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Fighting software piracy in Africa: how do legal origins and IPRs protection channels matter?

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  • Asongu Simplice

    ()
    (Yaoundé/Cameroun)

Abstract

In the current efforts towards harmonizing IPRs regimes in the African continent, this paper provides answers to four key questions relevant in the policy decision making processes. After empirically examining the questions, the following findings are established. (1) In comparison to common law countries, civil law countries inherently have a significant autonomous rate of software piracy; consistent with the ‘law and property rights’ theory. (2) But for IPRs laws, the other IP protection channels (WIPO treaties, Main IP law and multilateral treaties) reduce the incidence of software piracy. (3) In both short-run and long-term, IPRs protection channels in civil law countries appear to mitigate software piracy more than in common law countries. (4) Formal institutions are instrumental in the fight against software piracy through IPRs protection channels.

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File URL: http://www.afridev.org/RePEc/agd/agd-wpaper/Fighting-software-piracy-Africa.-How-do-legal-origins-and-IPRs-channels-matter.pdf
File Function: Revised version, 2013
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Bibliographic Info

Paper provided by African Governance and Development Institute. in its series Working Papers with number 12/016.

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Length: 33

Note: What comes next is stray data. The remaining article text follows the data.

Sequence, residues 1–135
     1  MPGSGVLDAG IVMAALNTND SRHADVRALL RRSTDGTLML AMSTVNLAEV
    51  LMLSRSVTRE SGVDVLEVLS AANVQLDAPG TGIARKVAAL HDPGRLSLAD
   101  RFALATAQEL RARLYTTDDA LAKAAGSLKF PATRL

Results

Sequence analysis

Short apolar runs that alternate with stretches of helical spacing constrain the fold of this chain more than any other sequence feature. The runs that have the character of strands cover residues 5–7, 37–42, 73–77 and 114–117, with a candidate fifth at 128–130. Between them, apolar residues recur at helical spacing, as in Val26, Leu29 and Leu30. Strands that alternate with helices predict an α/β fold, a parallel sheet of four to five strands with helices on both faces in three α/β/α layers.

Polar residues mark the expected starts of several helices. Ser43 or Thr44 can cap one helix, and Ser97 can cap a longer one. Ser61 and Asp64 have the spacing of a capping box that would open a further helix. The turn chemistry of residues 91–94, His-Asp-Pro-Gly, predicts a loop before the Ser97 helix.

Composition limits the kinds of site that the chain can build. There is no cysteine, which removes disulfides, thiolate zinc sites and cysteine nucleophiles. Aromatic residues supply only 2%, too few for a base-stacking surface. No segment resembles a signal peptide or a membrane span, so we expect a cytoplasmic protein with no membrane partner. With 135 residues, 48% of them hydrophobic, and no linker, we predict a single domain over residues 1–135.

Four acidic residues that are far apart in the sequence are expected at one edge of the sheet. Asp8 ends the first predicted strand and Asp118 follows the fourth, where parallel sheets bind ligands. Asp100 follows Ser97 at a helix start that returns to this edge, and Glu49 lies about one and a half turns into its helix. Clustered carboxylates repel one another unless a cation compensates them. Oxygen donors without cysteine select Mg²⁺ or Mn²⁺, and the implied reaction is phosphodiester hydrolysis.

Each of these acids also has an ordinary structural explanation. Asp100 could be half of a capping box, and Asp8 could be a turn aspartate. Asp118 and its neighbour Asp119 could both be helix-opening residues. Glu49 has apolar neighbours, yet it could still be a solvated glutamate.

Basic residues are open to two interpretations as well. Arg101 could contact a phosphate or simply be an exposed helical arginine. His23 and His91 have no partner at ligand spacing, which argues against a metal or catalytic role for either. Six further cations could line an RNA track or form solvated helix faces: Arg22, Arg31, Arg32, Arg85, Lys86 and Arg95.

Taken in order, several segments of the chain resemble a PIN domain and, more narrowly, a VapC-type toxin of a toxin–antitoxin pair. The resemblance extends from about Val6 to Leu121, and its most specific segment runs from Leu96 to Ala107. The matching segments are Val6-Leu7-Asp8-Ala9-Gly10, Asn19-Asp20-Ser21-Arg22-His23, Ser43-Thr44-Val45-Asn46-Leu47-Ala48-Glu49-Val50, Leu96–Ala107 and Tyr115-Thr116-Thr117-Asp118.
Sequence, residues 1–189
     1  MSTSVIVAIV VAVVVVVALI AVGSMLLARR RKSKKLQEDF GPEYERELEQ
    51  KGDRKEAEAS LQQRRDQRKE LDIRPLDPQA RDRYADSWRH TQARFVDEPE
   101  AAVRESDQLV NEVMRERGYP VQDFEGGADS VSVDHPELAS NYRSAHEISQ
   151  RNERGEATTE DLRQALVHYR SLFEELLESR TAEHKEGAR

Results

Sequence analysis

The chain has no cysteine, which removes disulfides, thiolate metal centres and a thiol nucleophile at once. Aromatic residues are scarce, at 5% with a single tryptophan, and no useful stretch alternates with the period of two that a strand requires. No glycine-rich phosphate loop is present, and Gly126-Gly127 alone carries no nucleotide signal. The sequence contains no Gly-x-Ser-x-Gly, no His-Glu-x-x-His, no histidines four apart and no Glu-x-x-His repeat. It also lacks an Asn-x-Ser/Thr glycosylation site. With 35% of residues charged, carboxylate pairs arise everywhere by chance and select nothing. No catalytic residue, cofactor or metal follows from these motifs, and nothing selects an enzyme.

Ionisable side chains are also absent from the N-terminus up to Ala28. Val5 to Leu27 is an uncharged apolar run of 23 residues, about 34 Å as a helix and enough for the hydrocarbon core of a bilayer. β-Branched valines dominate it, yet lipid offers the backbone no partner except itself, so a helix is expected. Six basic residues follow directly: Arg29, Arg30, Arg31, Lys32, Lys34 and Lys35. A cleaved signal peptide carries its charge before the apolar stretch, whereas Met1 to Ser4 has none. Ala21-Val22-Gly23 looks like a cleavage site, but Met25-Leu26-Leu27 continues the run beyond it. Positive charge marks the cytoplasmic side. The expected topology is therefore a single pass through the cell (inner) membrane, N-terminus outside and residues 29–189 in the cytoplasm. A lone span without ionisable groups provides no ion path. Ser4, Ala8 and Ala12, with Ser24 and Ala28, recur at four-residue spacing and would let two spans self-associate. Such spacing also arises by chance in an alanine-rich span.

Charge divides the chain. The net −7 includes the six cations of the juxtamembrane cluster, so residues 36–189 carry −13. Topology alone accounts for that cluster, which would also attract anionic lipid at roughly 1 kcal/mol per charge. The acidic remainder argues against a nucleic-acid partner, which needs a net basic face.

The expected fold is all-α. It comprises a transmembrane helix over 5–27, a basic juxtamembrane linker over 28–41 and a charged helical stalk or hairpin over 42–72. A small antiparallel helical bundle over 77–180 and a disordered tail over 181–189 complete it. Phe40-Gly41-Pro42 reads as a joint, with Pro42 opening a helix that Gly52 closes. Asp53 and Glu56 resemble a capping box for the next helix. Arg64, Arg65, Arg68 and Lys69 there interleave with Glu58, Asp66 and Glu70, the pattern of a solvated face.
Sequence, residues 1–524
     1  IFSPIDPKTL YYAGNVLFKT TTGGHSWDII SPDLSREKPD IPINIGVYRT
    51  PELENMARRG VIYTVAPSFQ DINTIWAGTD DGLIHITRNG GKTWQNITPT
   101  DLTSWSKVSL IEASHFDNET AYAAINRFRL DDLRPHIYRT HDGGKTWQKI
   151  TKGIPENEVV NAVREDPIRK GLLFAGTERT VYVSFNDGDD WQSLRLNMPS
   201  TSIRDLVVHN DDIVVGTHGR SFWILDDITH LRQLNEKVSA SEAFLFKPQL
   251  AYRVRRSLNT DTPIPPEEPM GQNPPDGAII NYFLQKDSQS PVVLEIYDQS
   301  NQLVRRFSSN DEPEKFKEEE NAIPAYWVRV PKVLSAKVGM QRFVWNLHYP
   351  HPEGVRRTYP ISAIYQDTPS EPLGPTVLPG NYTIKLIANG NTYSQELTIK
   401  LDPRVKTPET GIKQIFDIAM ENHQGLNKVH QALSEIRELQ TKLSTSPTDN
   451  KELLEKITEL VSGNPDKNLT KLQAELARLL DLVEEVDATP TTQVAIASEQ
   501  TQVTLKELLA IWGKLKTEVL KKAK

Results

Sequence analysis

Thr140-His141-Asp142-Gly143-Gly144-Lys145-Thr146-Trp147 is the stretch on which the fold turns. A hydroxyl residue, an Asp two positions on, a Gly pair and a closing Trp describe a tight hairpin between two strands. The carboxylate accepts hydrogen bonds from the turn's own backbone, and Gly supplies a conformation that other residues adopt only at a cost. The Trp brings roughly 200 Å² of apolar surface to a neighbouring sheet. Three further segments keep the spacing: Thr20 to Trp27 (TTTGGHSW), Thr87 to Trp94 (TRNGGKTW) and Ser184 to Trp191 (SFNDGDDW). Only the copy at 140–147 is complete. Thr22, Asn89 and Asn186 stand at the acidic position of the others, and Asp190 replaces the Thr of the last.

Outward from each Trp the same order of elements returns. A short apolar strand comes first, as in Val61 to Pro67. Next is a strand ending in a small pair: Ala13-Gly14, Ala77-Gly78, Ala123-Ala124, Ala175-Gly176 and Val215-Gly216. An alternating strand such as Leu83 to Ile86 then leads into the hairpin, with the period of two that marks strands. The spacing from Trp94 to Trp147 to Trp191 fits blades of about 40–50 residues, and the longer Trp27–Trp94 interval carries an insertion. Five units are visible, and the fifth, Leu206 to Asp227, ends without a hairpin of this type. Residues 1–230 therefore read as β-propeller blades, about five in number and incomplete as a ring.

Date of creation: 17 Jul 2012
Date of revision:
Publication status: Published in Journal of the Knowledge Economy
Handle: RePEc:agd:wpaper:12/016

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Keywords: Software piracy; Intellectual property rights; Panel data; Africa;

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References

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  1. Rod Falvey & Neil Foster & David Greenaway, 2006. "Intellectual Property Rights and Economic Growth," Review of Development Economics, Wiley Blackwell, vol. 10(4), pages 700-719, November.
  2. Simplice A, Asongu, 2012. "Government quality determinants of stock market performance in African countries," MPRA Paper 39631, University Library of Munich, Germany.
  3. Thorsten Beck & Asli Demirguc-Kunt & Ross Levine, 2002. "Law and Finance: why Does Legal Origin Matter?," NBER Working Papers 9379, National Bureau of Economic Research, Inc.
  4. Simplice Asongu, 2013. "Harmonizing IPRs on Software Piracy: Empirics of Trajectories in Africa," Journal of Business Ethics, Springer, vol. 118(1), pages 45-60, November.
  5. Rajeev Goel & Michael Nelson, 2009. "Determinants of software piracy: economics, institutions, and technology," The Journal of Technology Transfer, Springer, vol. 34(6), pages 637-658, December.
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  8. Bezmen, Trisha L. & Depken II, Craig A., 2006. "Influences on software piracy: Evidence from the various United States," Economics Letters, Elsevier, vol. 90(3), pages 356-361, March.
  9. Simplice A, Asongu, 2012. "On the effect of foreign aid on corruption," MPRA Paper 36545, University Library of Munich, Germany.
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  16. Andrés, Antonio R. & Goel, Rajeev K., 2012. "Does software piracy affect economic growth? Evidence across countries," Journal of Policy Modeling, Elsevier, vol. 34(2), pages 284-295.
  17. Bailey, Martin J. & Rubin, Paul H., 1994. "A positive theory of legal change," International Review of Law and Economics, Elsevier, vol. 14(4), pages 467-477, December.
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